Edinburgh brewers concoct Buckfast and tablet ale

Rory Reynolds takes the plunge and samples Benedictine Groove
Rory Reynolds takes the plunge and samples Benedictine Groove
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THE name has long been a byword for all that’s worst in Scottish culture. But Buckfast, the tipple of choice of a generation of neds, just got respectable.

Its sticky-sweet taste has been borrowed by two up-and-coming Edinburgh brewers to create what they believe is the first-ever barrel of Buckfast infused beer.

Ben Bullen and Barry Robertson say their first batch of Benedictine Groove has proven so popular with punters they already have orders from wholesale suppliers, off-licences and city pubs.
They plan to concoct 1,600 litres of the £3.80-a-pint elixir next week – with more planned.

“We realise there is a reputation that goes along with Buckfast but the final result is a long way from the original,” Barry, 33, from Prestonpans, said.

He revealed the secret to creating their Buckfast-infused beer involves blending the contents of a whole bottle with 100 litres of ale, along with a dose of sugary Scottish tablet. The result is an original ale with hints of port, caramel, and spice with a smoky aftertaste and the caffeine kick the monk-brewed tonic wine is known for.

Barry, who runs the Cloisters bar in Tollcross, said their firm, Elixir Brew Co, hoped to attract a following from real ale fans who will enjoy the refreshing pint with gourmet grub.

He said: “Hopefully people won’t drink it the same way as they do Buckfast. And that’s pretty unlikely given it’s only 5.5 per cent and will probably be a bit more expensive.

“It’s a concept beer with delicate notes and that port flavour really comes out.”

Ben, 32, originally from Adeleide in Australia, but now living in Bruntsfield, said he hopes the fortified tipple will become a best-seller across Edinburgh and further afield.

He said: “At the moment we’re just selling a few bottles but if it takes off we could be making thousands of bottles every day. We think it’s a great beer and we’d certainly like to see everyone drinking Benedictine Groove one day.”

Ben, who splits his time creating beer with working as a podiatrist, said to aid their ambitious plans for Benedictine Groove they import and use only the finest hops from the United States and New Zealand, and hope to move to their own small purpose-built brewing facility in the months to come.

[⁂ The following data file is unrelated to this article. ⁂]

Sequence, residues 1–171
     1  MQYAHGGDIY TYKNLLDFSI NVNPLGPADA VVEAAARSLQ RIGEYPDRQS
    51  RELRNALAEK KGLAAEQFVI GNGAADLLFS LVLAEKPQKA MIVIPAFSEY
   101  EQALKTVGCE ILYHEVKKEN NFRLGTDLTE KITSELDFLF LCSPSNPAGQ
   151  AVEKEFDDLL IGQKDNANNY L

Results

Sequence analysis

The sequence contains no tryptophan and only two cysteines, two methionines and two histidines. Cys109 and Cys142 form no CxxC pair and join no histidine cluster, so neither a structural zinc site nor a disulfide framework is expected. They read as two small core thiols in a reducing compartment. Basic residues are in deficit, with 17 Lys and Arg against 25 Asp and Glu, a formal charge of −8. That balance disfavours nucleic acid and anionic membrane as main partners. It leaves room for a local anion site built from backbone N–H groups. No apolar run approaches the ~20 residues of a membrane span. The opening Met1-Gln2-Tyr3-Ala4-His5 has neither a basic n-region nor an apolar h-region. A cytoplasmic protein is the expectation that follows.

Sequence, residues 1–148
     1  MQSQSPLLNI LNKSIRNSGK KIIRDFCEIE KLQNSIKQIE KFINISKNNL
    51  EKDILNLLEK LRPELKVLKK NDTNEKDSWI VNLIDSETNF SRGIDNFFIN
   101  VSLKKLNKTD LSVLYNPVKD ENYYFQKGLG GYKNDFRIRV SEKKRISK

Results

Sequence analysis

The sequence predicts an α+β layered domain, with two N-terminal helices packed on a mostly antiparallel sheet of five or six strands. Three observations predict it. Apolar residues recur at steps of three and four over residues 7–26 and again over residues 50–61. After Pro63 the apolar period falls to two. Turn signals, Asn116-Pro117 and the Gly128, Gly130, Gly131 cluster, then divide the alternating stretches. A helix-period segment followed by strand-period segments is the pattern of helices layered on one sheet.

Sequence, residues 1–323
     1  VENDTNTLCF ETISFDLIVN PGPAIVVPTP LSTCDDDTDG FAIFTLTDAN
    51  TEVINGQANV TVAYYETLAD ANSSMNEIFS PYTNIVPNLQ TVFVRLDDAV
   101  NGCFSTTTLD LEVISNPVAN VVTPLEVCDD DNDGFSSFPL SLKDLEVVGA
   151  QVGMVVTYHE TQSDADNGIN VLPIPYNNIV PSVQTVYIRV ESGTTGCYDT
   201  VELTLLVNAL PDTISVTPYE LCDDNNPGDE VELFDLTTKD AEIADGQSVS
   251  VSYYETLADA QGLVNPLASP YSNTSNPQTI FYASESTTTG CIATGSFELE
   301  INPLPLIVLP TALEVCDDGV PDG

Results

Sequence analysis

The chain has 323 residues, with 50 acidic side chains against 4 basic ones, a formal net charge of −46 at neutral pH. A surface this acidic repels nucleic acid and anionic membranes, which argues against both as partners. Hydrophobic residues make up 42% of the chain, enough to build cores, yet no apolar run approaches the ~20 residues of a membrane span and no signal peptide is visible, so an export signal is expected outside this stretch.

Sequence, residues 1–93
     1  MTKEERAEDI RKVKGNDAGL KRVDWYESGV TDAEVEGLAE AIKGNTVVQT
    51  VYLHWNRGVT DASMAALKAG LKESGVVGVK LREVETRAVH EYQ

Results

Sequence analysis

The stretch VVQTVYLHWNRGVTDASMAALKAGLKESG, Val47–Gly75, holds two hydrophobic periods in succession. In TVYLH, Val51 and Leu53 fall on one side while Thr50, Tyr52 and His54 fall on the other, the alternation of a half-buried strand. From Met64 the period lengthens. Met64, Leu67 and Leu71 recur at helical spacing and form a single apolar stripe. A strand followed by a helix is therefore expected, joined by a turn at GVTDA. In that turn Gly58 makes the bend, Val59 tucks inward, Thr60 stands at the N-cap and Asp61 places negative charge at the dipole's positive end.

Barry added: “We want to leave our jobs and make a career out of it and create beers that people want to drink.

“We’re hoping to establish ourselves as an experimental brewery, trying different brews from scratch. The Buckfast beer has worked really well – and we haven’t had any exploding bottles yet.”

Along with Benedictine Groove, Ben and Barry have also experimented with a milk stout, containing lactose, a sugar derived from milk, described as a smooth beer.


HAVING been unfortunate enough to have swigged from a bottle of “Coatbridge Table Wine” in the past, I was unconvinced that a beer crafted from Buckfast would appeal.

But the Elixir’s Benedictine Groove, named in honour of the monks that silently toil to produce the tonic wine, is destined for great things.

A medium-bodied ale, it’s got a hell of a kick, and left me wobbling back to the office after our morning tasting session. Especially after just two Weetabix!

Bucking the trend

SCOTLAND is no stranger to Buckfast-infused “delicacies”, with a number of people experimenting with the tonic wine as an ingredient in recent years.

Last December, bakers at Brownings, in Kilmarnock, Ayrshire, sold out of a special edition 90p Buckfast-infused Scotch pie in just a few hours.

And in 2010 the E:S:I brasserie in Leith introduced Buckfast ice cream, following the success of Buckie rhubarb crumble the previous year.

“The ice cream’s not quite what they’re expecting,” a spokesman said.